One reason this formulation worries me is that it might lead the state to seek “only” life imprisonment, so that conceivably, people can be unjustly convicted and sent to life in prison, and not have their sentences/convictions reviewed, but a very small number would be, in a perverse way, “privileged” to have been sentenced to something requiring a higher standard.

      I don’t deny that death is final in a way that life in prison is not. (I am leaving aside here questions of what life is like in prison for lifers. I imagine that any serious exploration would show it to be inhumane, at least by my standards.) In part, I think my concern is a rather base concern about resources. A small number of people receive more attention than other people who are inappropriately convicted (either they are innocent or due process was flagrantly denied). I fear that “no doubt” creates a super-standard that while good (it effectively makes it harder to implement the death penalty), feeds complacency about how we punish those accused/convicted of violating our laws.Report

  9. Tim Kowal says:

    I still can’t tell if the objection here is normative or consequential — i.e., that the death penalty is wrong in all cases, or wrong where imposed against the wrongly convicted. No one disagrees with the latter, of course. The real debate, then, is whether the death penalty is merely permissible or actually required by justice. Because if it’s merely permissible, then given the option, we should always err on the side of no death penalty — i.e., executing a convict would work no justice even if he was rightly convicted, but would work a grave injustice if his conviction was mistaken. But if capital punishment is just as to murderers, etc., then the argument about uncertainty is much different, as it does not intuitively lead to one making blanket statements like “I’m against the death penalty.”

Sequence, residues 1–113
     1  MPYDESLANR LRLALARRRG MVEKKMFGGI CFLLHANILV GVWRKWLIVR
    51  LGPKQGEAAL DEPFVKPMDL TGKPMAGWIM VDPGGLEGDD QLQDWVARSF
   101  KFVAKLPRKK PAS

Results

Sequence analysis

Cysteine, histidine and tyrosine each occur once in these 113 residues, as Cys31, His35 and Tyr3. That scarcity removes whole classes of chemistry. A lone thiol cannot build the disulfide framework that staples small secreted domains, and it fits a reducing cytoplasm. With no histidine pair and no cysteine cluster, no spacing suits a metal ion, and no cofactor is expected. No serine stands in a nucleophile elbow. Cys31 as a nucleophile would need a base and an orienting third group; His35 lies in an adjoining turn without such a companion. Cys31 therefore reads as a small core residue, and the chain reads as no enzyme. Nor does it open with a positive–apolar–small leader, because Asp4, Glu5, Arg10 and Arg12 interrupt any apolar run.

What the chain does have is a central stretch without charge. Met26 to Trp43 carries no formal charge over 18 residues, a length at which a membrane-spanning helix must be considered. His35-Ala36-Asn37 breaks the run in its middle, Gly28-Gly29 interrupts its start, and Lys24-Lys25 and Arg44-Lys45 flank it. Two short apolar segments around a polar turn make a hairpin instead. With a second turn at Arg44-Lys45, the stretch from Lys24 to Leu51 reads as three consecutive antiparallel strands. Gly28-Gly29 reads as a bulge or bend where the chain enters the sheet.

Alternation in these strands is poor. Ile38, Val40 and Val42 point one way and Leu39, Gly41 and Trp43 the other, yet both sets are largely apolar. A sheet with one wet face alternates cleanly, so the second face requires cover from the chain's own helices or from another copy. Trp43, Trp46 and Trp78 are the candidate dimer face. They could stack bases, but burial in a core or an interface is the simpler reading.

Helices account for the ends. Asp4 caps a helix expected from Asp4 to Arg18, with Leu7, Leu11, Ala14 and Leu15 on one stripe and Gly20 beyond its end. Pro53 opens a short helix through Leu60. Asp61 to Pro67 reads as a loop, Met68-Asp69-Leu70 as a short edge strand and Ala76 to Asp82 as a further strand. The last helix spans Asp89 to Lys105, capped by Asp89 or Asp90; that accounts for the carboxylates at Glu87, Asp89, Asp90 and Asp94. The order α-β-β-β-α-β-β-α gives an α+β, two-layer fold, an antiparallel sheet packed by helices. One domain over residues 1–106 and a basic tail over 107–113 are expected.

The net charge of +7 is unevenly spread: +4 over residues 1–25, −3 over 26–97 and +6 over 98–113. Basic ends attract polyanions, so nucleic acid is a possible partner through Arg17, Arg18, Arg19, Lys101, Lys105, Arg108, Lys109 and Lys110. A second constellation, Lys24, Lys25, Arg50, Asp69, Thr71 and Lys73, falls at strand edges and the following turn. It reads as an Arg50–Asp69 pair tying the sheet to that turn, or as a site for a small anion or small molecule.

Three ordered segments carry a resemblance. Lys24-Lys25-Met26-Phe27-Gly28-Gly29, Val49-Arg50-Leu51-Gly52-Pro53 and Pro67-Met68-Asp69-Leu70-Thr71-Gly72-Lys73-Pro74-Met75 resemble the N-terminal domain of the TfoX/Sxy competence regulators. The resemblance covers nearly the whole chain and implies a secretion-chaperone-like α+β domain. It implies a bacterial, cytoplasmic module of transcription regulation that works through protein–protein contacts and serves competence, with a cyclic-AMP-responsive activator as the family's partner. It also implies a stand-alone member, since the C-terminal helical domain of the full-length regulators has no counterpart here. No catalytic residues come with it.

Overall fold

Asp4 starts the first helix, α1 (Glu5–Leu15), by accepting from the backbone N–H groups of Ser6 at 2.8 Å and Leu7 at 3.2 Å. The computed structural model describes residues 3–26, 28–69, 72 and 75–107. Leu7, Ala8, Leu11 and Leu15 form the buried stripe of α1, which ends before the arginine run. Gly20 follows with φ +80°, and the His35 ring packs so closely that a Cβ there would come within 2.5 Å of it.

I am for the death penalty when it is just and against it when unjust. Advances in technology will help us sort out when it is just. But the central moral question is not affected by technology.Report

    • Mike Schilling in reply to Tim Kowal says:

      It is affected by how seriously the process is taken. If the accused in capital cases aren’t provided the means for an adequate defense, the process is completely immoral.Report

      • Then that casts doubt on all criminal punishment for the same reason.Report

      • Chris in reply to Mike Schilling says:

        Tim, sounds like a good reason to take a serious look at the system, then.Report

      • Not necessarily – with non-death penalty cases, there is always the possibility that errors can be corrected retroactively, and fully compensated for. Practically speaking, this possibility just about never comes to fruition, but it is at least theoretically possible, which makes a significant moral difference in my view; at minimum, the harm of wrongful convictions in such instances can at least be mitigated to some small degree.

        But in a death penalty case, this is simply not possible – once the sentence has been carried out, there is no one to make whole, nor is it possible for the harm to be mitigated.Report

      • Mike Schilling in reply to Mike Schilling says: